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Behavior Genetics

, Volume 49, Issue 2, pp 128–135 | Cite as

Behavioral Genetics and Attributions of Moral Responsibility

  • Kathryn TabbEmail author
  • Matthew S. Lebowitz
  • Paul S. Appelbaum
Original Research

Abstract

While considerable research has examined how genetic explanations for behavior impact assessments of moral responsibility, results across studies have been inconsistent. Some studies suggest that genetic accounts diminish ascriptions of responsibility, but others show no effect. Nonetheless, conclusions from behavior genetics are increasingly mobilized on behalf of defendants in court, suggesting a widespread intuition that this sort of information is relevant to assessments of blameworthiness. In this paper, we consider two sorts of reasons why this kind of intuition, if it exists, is not consistently revealed in empirical studies. On the one hand, people may have complex and internally conflicting intuitions about the relationship between behavior genetics and moral responsibility. On the other hand, it may be that people are motivated to think about the role of genetics in behavior differently depending on the moral valence of the actions in question.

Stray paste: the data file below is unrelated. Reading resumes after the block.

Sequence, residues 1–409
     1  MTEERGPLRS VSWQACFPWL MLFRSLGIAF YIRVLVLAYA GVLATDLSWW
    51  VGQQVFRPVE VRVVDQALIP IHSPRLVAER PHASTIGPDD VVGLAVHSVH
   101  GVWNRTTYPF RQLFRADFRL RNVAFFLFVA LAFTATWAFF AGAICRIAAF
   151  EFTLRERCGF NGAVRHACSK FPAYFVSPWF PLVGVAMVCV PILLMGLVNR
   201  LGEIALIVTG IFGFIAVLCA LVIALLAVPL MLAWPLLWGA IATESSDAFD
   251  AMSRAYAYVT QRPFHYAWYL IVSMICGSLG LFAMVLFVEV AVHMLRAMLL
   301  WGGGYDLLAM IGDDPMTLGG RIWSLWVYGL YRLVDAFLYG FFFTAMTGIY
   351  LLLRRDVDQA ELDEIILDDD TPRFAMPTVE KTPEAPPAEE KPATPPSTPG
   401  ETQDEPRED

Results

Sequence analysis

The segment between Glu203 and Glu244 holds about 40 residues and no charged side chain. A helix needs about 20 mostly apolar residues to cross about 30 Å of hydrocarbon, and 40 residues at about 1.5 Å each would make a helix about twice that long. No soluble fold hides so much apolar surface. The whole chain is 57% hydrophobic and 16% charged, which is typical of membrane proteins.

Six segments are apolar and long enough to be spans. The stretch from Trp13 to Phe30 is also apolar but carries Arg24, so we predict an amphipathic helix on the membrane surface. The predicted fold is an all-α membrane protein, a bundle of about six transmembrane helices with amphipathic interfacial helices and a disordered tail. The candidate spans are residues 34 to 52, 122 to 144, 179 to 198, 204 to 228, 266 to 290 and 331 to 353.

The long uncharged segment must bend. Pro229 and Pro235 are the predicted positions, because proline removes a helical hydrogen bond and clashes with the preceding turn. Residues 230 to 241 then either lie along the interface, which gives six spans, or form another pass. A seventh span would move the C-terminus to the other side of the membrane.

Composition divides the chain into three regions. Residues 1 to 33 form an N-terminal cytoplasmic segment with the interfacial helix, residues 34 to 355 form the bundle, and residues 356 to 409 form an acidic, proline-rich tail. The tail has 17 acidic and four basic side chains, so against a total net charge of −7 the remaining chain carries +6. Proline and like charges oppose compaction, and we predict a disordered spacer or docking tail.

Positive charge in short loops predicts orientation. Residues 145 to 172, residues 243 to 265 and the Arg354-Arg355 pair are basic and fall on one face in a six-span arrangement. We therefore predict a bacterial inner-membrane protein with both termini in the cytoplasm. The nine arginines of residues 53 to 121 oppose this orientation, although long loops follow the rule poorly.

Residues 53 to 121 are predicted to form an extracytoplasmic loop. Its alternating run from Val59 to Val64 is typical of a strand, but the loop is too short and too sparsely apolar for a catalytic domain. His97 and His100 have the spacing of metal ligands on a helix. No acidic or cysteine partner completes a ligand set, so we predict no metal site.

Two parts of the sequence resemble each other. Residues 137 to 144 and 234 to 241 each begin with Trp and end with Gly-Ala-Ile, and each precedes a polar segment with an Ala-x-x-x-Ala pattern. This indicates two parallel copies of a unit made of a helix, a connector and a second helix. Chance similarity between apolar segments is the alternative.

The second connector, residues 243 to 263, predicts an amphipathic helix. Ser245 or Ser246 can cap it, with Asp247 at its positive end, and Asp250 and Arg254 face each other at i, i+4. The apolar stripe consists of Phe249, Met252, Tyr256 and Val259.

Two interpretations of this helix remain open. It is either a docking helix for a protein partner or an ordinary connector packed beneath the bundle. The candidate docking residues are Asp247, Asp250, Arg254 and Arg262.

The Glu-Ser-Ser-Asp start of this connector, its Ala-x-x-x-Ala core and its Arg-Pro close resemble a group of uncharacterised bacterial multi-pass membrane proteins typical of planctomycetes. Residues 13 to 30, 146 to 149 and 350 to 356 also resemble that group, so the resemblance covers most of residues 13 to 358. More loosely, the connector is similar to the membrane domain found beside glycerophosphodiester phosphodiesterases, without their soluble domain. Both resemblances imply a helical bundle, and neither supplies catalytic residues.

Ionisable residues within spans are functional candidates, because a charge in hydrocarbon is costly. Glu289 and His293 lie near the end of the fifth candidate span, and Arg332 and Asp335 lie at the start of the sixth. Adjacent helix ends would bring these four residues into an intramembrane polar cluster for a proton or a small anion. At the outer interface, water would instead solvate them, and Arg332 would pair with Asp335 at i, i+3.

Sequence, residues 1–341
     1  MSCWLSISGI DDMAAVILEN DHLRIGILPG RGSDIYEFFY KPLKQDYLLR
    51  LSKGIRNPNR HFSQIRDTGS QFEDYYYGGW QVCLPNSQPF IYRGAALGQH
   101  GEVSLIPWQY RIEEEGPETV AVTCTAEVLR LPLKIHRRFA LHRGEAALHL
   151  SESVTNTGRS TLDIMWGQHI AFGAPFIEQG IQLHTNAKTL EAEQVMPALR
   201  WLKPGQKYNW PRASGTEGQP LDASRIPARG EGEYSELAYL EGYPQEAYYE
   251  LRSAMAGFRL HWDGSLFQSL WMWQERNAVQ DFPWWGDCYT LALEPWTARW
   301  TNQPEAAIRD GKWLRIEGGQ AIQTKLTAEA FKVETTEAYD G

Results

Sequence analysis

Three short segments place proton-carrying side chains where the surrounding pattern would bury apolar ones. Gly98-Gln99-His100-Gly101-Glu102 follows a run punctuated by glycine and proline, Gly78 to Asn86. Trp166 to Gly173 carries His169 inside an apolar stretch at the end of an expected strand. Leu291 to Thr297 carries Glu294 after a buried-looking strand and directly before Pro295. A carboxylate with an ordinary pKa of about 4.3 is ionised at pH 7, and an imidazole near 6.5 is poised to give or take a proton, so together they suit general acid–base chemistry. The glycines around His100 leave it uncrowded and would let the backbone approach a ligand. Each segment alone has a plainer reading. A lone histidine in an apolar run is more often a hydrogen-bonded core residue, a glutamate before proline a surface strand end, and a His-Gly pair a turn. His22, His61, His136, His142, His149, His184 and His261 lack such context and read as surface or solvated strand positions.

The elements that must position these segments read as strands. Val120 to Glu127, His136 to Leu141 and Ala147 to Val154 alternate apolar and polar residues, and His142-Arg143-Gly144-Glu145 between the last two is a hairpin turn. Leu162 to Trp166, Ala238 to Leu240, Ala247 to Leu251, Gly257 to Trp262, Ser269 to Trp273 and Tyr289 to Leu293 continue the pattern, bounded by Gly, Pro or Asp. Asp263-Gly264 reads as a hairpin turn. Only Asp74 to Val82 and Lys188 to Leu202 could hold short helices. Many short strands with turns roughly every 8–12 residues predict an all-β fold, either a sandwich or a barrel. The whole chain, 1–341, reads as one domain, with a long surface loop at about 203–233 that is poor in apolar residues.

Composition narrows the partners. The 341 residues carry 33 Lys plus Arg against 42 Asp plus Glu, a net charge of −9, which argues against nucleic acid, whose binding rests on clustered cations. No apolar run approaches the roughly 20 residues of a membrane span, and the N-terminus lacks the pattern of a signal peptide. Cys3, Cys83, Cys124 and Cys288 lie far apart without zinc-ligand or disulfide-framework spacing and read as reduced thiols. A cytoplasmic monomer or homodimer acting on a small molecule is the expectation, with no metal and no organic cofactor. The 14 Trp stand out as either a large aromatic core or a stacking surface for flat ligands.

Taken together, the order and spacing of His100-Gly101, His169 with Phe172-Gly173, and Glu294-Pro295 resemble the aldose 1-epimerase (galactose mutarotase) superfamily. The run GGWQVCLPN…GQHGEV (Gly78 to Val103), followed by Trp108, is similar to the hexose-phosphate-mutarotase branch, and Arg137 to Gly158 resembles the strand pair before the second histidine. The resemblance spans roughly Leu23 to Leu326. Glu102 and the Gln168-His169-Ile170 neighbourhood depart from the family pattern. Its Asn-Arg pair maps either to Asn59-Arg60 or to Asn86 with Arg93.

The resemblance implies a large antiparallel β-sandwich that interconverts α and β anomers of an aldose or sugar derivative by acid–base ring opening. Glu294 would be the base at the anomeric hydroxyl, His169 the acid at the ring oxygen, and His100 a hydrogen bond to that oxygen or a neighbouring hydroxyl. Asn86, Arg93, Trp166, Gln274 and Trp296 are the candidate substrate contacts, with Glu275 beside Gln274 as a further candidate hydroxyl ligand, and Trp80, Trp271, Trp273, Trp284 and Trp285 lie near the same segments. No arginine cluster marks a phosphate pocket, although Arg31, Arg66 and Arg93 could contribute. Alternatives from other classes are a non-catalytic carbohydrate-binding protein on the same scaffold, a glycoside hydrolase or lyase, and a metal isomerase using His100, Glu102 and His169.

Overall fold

Keywords

Behavior genetics Moral psychology Social cognition Moral responsibility Motivated cognition 

Notes

Funding

This study was funded by the Genetics and Human Agency Grant from the John Templeton Foundation and the Center for Research on the Ethical, Legal and Social Implications of Psychiatric, Neurologic and Behavioral Genetics, NHGRI (Grant Number 1P50HG007257).

Compliance with ethical standards

Conflict of interest

Paul S. Appelbaum declares he has no conflict of interest. Matthew S. Lebowitz declares he has no conflict of interest. Kathryn Tabb declares she has no conflict of interest.

Ethical approval

This article does not contain studies with human participants or animals performed by any of the authors.

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Copyright information

© Springer Science+Business Media, LLC, part of Springer Nature 2018

Authors and Affiliations

  • Kathryn Tabb
    • 1
    • 2
    Email author
  • Matthew S. Lebowitz
    • 1
  • Paul S. Appelbaum
    • 1
  1. 1.Center for Research on Ethical, Legal and Social Implications of Psychiatric, Neurologic and Behavioral Genetics, Department of PsychiatryColumbia University Medical CenterNew YorkUSA
  2. 2.Department of PhilosophyColumbia UniversityNew YorkUSA

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